In 2009 I was a law student when I started writing and performing poetry. That was after I had joined the really cool, talented and humbly ostentatious group the Lantern Meet of Poets. We were mostly in our early 20’s. Poetry was our passion. We shared weed, books, poems, poetry videos, movies, music, documentaries; we lent each other our tastes. The Uganda National Theatre was our home. You could bring a poem and the group would hungrily ‘delve into it’. We spoke our minds. Iron sharpened iron. It was a spectacle both empowering and disempowering. If you never saw poets debate, agitate, praise, grimace, cry, decry, shred, stand in ovation, defend all in the name of a poem, then surely you missed the lantern Meet!
When I joined the group, their influence on me grew, but poetry was only my weekend’s pre-occupation; a thing I took seriously but wrote about lightly. It was for individual pleasure. I could write a sonnet every now and then, perform a poem here and there, attend a few poetry events and at the end of the day, read my law books; basically, poetry was plot for leisure.
But before long, as many of us left university, the question of purpose arose and became the epicenter of the group’s existence. Why did we write poetry? What legacy did we want to leave? Where should we focus, on writing or performance? The answers varied as our road shattered and split. We knew what we were, not what we would become. Personally, by then I had been inspired enough to resolve poetry was my calling.
By 2012 I had shelved my law degree. I was now a full-time poet with the Lantern Meet, a high school poetry coach and poetry teacher. That year on 9th October, Uganda was to celebrate 50 years of independence. With a lot of talk going around on the question of how truly independent our country was, 50 years on, we were inspired to contribute to the debate. That zeitgeist changed us. We wrote like we had never written before. The political had become personal. In November we staged our show BROKEN VOICES OF THE REVOLUTION. The stage roared. The show had a unique resonance on us all. Newspapers called us many great things. My favorite was ‘the walking wounded.’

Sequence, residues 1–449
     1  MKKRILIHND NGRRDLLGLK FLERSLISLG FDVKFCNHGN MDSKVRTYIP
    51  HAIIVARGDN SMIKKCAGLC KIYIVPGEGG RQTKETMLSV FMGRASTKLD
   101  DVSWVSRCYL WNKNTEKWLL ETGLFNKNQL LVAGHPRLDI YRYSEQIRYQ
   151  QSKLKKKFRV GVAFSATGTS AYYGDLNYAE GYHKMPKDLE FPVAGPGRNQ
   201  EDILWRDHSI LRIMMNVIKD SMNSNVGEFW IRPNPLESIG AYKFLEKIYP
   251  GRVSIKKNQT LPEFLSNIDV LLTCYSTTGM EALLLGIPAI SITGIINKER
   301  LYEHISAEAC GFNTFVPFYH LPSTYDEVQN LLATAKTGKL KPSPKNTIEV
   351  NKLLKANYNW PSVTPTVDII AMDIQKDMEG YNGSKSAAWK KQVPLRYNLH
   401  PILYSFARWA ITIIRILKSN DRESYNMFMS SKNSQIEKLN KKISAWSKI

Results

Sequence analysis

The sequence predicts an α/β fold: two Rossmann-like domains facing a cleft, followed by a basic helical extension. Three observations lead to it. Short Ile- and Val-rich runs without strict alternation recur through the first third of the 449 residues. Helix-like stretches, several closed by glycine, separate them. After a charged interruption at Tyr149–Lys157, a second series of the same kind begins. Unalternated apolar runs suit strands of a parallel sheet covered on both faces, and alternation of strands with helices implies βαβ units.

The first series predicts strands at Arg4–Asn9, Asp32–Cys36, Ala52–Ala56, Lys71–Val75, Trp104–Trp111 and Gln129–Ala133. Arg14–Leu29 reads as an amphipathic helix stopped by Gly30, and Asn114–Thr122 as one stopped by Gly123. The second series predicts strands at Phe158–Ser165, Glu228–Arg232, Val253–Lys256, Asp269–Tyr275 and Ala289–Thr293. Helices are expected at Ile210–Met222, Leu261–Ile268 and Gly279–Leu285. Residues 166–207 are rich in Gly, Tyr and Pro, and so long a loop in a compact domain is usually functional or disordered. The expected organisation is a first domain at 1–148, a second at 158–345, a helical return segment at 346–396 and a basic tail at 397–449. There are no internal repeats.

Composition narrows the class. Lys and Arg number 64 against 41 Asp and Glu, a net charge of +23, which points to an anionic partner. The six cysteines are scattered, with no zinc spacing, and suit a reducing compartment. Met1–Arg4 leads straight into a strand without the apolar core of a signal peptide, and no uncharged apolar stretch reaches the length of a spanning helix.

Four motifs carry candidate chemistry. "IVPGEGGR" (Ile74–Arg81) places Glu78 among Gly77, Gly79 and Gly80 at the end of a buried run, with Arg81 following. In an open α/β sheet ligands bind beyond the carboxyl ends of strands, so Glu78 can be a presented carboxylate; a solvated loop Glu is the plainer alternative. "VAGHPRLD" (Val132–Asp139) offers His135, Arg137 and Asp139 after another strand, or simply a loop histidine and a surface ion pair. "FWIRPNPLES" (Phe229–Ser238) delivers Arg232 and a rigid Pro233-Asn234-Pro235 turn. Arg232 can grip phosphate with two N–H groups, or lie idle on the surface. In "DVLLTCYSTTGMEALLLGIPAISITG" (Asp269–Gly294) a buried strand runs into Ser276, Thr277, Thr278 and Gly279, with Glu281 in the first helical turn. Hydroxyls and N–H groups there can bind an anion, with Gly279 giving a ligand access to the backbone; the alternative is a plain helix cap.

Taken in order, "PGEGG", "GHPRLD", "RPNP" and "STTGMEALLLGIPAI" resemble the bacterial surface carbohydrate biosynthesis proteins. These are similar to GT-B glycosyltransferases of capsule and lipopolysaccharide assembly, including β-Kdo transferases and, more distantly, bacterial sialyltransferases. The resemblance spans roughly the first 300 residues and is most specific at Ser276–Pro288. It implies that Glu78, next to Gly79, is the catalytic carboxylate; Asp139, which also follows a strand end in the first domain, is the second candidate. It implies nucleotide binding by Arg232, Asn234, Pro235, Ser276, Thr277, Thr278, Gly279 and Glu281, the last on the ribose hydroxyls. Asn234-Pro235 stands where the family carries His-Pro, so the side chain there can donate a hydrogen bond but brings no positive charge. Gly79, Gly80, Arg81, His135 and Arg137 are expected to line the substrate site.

That season helped me reflect on the poetry road I had taken. Looking back, it was the night of that recital I grew more guts to write and recite the way I feel like. After I saw how the audience and my friends reacted to my poems, I began looking out for more poetry in everyday life. I ditched the iambic pentameter stuff and versified rhythms within my surroundings.
When I left the Lantern Meet in 2015, I was still writing and reciting poems. Poetry was my therapy. But I had to make it work. I went to different spoken word poetry platforms that had now mushroomed around Kampala to vent though my verse. Not satisfied with the environment, with the help from dear friends we started THE POETRY SHRINE, a poetry night where we experimented with various forms of performance arts and merged them with our poetry. That period was inspiring. We gave birth to and popularized the one man/one woman poetry show concept in Kampala.
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